10. I use the same strategy for getting over failure that I do for dealing with success. I don’t let either one dictate my emotions. I try to stay calm no matter what the outcome.

    When I first started a business years ago, I would get real excited when things would go well. And I would get real depressed when things would go badly. That up and down was too much to deal with.

    Instead, I learned to stay focused on my goals and the process of moving forward.

  11. The worst thing you can do in life is not try. We all fear failure but you get nothing out of life if you take no risk. I had a fear of starting a blog and what others would think of it but I am glad I overcame that fear and just went with it.

  12. This reminds me of the great quote by Ira Glass, the “Nobody tells beginners this…at first there is a gap between your taste and your skill. Your taste is what keeps you going”

    I’m definitely guilty of being afraid to invest. Several months back, I finally got around to setting up a Roth IRA and examining my 401k more.

  13. The fear of investing is a real problem, a lot of people read and learn but are scared to take action rendering the knowledge close to useless

    Fear still prevents me from taking risks, I am working slowly to overcome it and starting a blog has taken a lot of the fear away already

  14. Thank you! I’ve always hated that quote. Perhaps it’s just because we’re in special circumstances (both my husband and myself have multiple chronic health conditions). So the assumption that we couldn’t fail is just… implausible. We have so many extra obstacles to overcome. Including depression, which makes the fear of failure paralyzing at times. Trying to pretend it doesn’t exist is inconceivable to me.

    I agree that the key to trying is accepting that failure is an option — it’s just something that you’ll use to learn how to do better next time. It’s something you have to look at as a way to build to success rather than proof that you shouldn’t try again.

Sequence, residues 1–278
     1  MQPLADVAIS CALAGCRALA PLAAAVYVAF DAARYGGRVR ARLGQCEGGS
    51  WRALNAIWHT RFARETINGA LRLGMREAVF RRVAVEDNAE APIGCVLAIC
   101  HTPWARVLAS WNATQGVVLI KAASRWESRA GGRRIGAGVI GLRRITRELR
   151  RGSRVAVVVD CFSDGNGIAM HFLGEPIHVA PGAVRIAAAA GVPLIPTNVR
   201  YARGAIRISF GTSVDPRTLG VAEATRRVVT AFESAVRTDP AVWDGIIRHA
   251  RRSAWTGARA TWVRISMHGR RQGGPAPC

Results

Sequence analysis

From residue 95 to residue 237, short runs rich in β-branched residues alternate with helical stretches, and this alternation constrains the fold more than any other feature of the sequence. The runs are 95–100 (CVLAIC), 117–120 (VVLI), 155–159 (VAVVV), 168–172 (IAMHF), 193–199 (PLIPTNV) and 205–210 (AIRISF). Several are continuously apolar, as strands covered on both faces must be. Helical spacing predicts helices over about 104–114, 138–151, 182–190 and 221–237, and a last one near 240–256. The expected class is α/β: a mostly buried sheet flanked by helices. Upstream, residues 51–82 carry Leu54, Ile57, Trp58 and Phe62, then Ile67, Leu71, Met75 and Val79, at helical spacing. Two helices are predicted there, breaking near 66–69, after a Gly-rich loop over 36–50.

15. I personally think its necessary to fail in order to succeed. Its not easy to be succesful on your first attempt at anything. Failing is just part of life and I know I wouldnt be where I am today if it wasnt for all my failures.

    I embrace failure!

  16. Failure is good in all parts of life, investing yes. Money in general. You can even apply it to relationships, if your first girlfriend doesn’t work out, you can take the lessons learned from that into future relationships.

    I try to think very logically about our goals. I know that if we keep saving and investing, we will reach our FI goal.

    If we keep writing good content on our blog that’s worth following, people will continue to read it and be engaged.

    If we keep being healthy we will lose weight and have good bodies.

    Those types of goals just have setbacks, we will get there eventually.

    Tristan

    1. As always, excellent thoughts, Tristan. As Winston Churchill said, “Success is not final, failure is not fatal: it is the courage to continue that counts.”

  17. Half the battle is starting! Being fearful of the unknown is normal especially if you are comfortable in your current situation.
    I know when I changed jobs from what I was doing for 9 years on good money to a part-time job with hopes of being successful it was scary! I had one kid and another on the way!
    Sometimes you have to take a chance and for me it paid off. I was fearful but knew I had to make a change to make me happy.
    I look back now a realize that if it all did go pear shape I could have either kept plugging away or found another job…. no big deal. 😉

    1. Thanks for sharing your personal experiences, Ray Ray. I can completely understand the reasons for your fear in that situation. I’m glad it didn’t move you into a state of inaction!

  18. I keep telling myself this, I was afraid to start my blog but now I’m going for it! Sent ya a msg-wanted to let you know!

  19. Fear can definetly paralyze you from taking action. Perseverance comes from taking action in the presence of fear. I think we all struggle with fear of failure as you outlined in this post. In my life, I find facing fear builds my ‘internal muscles’ so when similar adverisities occur, we are less fearful of them and more willing to ‘advance’.
    Good post.

    1. Wow, I think you just explained the crux of the issue far better than I did in my post, Pamela. Perseverance DOES come from taking action in the presence of fear. I sometimes have difficulty being bold and taking that first step, but you are absolutely correct – it helps us to build strength.